By Sabina Mollot
Following news that residents who are affected by “Roberts” won’t be getting their damages as soon as expected, the general response has been one of frustration.
This week, the Tenants Association, in an official statement, called on CWCapital ― and the Berdon Claims Administration, which is handling the paperwork ― to get cracking.
“The Tenants Association deplores the delay on the part of CW in distributing settlement funds to tenants who have been waiting for months,” the TA said. “The $173 million has been sitting in escrow for years and the court approved the settlement back in April. Tenants have been waiting long enough. We urge CW to take whatever steps it needs to expedite the payments.”
While aware the delay was due to a process that’s been described as “complicated” by attorneys, the Tenants Association noted that tenants have already been subjected to a drawn out legal process.
“We did check in with the Roberts attorneys and found that the delay stems primarily from the complex nature of the calculations involved in allocating the damages among the varying co-tenants who came and went over the course of the leaseholds, as well as claimants who owe back rent even after their lower settlement rent formulas are applied,” the TA said. “While settlement claims processing often takes a year or more, even for simpler cases, as a minimum CW, who is remarkably quick to raise rents mid-lease and generate rent demands, should have communicated that there would be a delay with the claimants. This has been a long-drawn out legal process and relief should be fast-tracked.”
Manhattan Borough President hopeful and City Council Member Jessica Lappin also weighed in on the delay, saying that “CW stands for corrupt and wrong.”
Lappin added, “First, they try to hike rents mid-lease. Now they’re withholding millions of dollars they owe to Stuy Town tenants. This money belongs to residents, and they deserve it now.”
Jill Pratzon, a “Roberts” class member and art restorer who lives with her husband, a high school teacher, and their teenage son in Stuyvesant Town, was naturally disappointed with the turn of events.
After hearing about the delay, her first reaction “included words you can’t print in T&V.”
Pratzon added that at this point she doesn’t know if she and her family will continue to try and “hold on” to their apartment.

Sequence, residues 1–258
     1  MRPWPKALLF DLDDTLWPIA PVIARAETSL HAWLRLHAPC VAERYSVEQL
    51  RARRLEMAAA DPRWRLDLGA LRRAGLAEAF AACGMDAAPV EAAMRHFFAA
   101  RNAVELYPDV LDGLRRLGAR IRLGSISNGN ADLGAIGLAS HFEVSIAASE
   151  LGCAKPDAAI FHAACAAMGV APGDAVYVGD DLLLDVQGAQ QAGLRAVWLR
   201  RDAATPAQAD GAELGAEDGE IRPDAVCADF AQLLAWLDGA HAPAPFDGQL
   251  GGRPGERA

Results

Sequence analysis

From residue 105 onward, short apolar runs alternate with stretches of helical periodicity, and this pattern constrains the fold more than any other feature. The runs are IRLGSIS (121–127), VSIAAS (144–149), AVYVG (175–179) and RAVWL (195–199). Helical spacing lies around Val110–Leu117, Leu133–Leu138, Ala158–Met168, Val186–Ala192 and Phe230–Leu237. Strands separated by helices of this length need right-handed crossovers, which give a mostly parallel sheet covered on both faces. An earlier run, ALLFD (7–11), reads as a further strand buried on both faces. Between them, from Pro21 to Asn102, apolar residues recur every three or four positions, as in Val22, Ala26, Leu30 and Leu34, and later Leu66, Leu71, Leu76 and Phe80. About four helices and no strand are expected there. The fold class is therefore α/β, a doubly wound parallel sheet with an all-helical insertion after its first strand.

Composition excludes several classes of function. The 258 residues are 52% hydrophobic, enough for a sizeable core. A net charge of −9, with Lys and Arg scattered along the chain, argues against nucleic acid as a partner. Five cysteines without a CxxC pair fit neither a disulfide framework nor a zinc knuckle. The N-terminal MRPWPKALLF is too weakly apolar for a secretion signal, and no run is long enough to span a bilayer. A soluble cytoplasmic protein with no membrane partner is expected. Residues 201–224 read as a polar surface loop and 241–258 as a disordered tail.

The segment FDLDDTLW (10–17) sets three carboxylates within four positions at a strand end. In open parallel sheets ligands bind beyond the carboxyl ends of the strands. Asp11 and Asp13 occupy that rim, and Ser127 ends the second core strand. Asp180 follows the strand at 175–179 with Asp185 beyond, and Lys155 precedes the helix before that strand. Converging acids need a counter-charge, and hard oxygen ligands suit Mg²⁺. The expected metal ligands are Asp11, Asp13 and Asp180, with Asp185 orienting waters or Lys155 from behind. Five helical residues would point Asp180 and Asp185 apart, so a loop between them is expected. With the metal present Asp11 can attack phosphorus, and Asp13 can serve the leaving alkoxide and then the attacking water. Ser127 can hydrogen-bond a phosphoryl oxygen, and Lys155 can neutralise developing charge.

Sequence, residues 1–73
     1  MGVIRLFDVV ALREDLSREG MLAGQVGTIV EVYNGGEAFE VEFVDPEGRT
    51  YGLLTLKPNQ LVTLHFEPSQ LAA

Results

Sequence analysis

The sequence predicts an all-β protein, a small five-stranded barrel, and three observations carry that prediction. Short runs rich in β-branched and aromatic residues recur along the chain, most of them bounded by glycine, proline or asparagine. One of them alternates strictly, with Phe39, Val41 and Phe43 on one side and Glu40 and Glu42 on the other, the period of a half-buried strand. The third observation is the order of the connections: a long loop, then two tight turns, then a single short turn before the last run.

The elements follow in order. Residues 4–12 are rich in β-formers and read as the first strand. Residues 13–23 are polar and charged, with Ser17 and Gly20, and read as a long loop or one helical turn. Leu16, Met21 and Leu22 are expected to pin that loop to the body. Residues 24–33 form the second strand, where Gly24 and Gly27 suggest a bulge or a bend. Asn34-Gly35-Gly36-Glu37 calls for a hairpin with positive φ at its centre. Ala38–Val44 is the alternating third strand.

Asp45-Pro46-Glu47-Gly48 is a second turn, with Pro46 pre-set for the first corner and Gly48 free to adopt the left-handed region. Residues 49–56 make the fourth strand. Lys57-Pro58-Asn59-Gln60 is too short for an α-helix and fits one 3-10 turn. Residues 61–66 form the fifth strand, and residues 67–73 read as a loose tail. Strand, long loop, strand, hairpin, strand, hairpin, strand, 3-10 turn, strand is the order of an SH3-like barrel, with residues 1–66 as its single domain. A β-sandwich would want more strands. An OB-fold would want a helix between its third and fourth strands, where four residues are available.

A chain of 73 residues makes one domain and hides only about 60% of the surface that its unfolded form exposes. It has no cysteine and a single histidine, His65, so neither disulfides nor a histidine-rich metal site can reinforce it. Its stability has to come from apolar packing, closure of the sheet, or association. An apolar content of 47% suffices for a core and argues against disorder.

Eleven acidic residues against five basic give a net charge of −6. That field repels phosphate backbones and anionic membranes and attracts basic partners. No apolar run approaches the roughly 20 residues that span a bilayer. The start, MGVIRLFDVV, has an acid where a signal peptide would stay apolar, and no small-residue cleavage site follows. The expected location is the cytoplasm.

“Depending on the mystery amount of the settlement, I suppose it would be wise for us to use our refund to pay a mover or put down a security deposit in an outer borough. I’m torn, as ever; I still love it here, but I’m starting to feel stupid for holding on. How do we know if we can keep holding on until our stabilized rent starts to mean something when my husband, a public school teacher, has been working without a contract for four years? His salary sure hasn’t kept up with the dramatic rent increases we’ve endured, nor has my business, hard hit by this economy. And residents who think the next mayor’s negotiations with the teachers’ unions won’t affect them need only talk to any teachers still left in Stuy Town.”
Pratzon added, “I know we live in a beautiful place, but honestly, I don’t have time to sit and enjoy the Oval anymore. All I do is hustle to work, come home after the sun is down and try to pay the rent. I think we’re the only people on our floor over the age of 25, and it wasn’t like that when we moved in nine years ago. But hey, if we move out, two or three more students can pack into our apartment and add to PCV/ST’s population. I wonder if we’ll be missed?”
Teacher Kirstin Aadahl, who was among the tenants hit with a mid-lease rent increase in May, said she was annoyed about the holdup.
“On May 14, when many of us got mid-lease increases, CW did this on the first day the court allowed them the option to do so,” said Aadahl “Yet when it comes to money owed to tenants, it’s delayed for months. That angers me the most.”
More criticism came from real estate developer Gerald Guterman, who’s been hoping to buy ST/PCV and turn the place into a co-op. However, he said this week he’s been having second thoughts over whether it’s worth it, referring to the recent turn of events as a “horror show” and “an abuse” of tenants.
Guterman said he blamed the attorneys on both sides, saying, “I’ll bet the attorneys on the defendant side and the plaintiff side got paid.”
(Alex Schmidt, attorney for the tenants, said the attorneys, had in fact gotten the bulk of their compensation, but said he still wanted to see tenants get paid “as quickly as possible. We don’t want it to linger.”)
Guterman, meanwhile, recommended that tenants start withholding the refund amounts in their rent to CW, saying, “You’ll get those people to wake up.”
Meanwhile, he said he thought the property was going downhill with the ongoing influx of students, which he has said cause a strain on the property’s plumbing and electrical systems. The reason, he said, was that the buildings were not designed for a few adults in each unit. He said he believes this has devalued the property, and been making him have doubts about bidding as high as CW might want to go. “They are driving out the tenants and ruining families,” he said.